Audio File: Musical chairs

In a large recording project, phase relationships can have a big effect

Some of you regulars may be wondering just what the heck I’m doing lately, writing about recording instead of about listening. This column is called “Audio File,” and we should discussing audiophile stuff, right?

While we’re at it — shouldn’t recording advice come from an experienced pro, and also include techniques to try and maybe a list or two of some moderately priced gear?

Well, there are tons of articles like that already, and I actually am an experienced pro with plenty of work under my belt. I have my own thoughts about how to capture sound, but because I’m also a rabid audiophile, my perspective on recording is often driven by audiophile interests, and perhaps stands out a little from the norm.

So I hope my takes are useful in some way. Last week’s topic about maintaining proper phase leads us right into this week’s examination of phase effects from the listening side of things. It’s a rare meeting in the middle between audiophiles and mixing engineers, where at least one of these gives a hoot about the other.


Google “audiophile absolute phase,” and click on the “Fact or fiction” link from Stereophile, if you have any desire to see the kind of fraught handwringing goes on about phase in the audiophile quarter. The focus in this article is about a preferred polarity for instruments and recognizable sounds, and whether the opposite polarity induces an audible change for the listener.

My experience says it does, but this effect is more pronounced with more tracks added to the mix. In a world with computer-based mixing and the possibility for hundreds of tracks in a given song, I think there is too little attention paid to the “absolute phase” of the tracks, relative to each other.

When lots of instruments are placed in a song, the chances of having some of those tracks be inverted from the others rises. This has to do with varying distances to microphones, among other things. Given that most instruments have asymmetrically shaped top and bottom halves of their waves, my recording and listening has led me to believe that for many sounds, polarity does matter.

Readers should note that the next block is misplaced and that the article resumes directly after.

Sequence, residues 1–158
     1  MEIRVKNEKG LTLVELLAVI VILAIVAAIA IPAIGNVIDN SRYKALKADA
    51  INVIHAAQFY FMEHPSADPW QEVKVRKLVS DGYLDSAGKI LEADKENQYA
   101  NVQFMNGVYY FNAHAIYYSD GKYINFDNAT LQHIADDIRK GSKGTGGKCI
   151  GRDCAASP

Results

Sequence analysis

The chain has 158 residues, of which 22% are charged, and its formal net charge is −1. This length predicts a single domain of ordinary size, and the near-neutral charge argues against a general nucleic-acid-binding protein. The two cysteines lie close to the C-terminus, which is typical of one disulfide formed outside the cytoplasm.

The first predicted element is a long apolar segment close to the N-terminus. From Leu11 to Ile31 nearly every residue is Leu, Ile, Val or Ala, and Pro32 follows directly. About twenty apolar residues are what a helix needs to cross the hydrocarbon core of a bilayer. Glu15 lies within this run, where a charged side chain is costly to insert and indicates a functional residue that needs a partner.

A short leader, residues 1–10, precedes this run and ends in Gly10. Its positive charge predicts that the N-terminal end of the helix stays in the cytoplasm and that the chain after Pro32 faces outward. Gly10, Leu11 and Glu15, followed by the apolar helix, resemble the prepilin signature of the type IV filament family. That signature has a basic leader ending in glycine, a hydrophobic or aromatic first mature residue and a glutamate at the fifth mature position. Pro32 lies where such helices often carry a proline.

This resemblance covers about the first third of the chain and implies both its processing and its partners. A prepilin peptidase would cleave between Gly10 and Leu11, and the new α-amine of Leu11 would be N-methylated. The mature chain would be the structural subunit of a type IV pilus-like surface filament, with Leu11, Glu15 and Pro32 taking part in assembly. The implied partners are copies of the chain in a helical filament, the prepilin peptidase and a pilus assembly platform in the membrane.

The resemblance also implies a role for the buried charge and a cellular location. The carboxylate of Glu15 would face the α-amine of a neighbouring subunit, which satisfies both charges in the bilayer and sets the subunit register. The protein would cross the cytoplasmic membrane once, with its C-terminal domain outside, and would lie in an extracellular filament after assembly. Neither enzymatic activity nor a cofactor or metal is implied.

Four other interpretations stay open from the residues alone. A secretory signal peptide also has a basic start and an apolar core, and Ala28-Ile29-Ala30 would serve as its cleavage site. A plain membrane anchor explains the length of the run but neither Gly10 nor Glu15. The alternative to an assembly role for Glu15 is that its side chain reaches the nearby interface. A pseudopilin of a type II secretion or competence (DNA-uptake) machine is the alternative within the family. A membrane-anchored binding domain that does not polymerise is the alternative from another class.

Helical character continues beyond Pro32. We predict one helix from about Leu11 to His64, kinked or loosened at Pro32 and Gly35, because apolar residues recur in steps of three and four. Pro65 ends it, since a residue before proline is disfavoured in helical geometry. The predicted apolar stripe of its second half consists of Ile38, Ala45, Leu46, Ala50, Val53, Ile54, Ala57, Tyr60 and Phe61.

The effect of this, to a stereo listener on the playback end, is that certain sounds are in front and some are behind those in the stereo field. Flip the polarity of the system by inverting the wires on both speakers, and if everything is set up correctly and the room is good, the instruments or voices will flip positions, front to back.

I can do this on my system instantaneously with a press of a button, and this effect is real. I can hear it on plenty of recordings, although less so on some recordings and definitely less on “audiophile” recordings where few microphones are used. But John Mayer’s “The Search For Everything,” for example, shows this well on my system, and clearly changes character when I press the button.

It varies song to song, and moment to moment within songs, but it’s real and it’s there. It’s something I think the modern recording engineer should be thinking about when many tracks are in play. Take the time to flip some of those, and listen closely to the differences.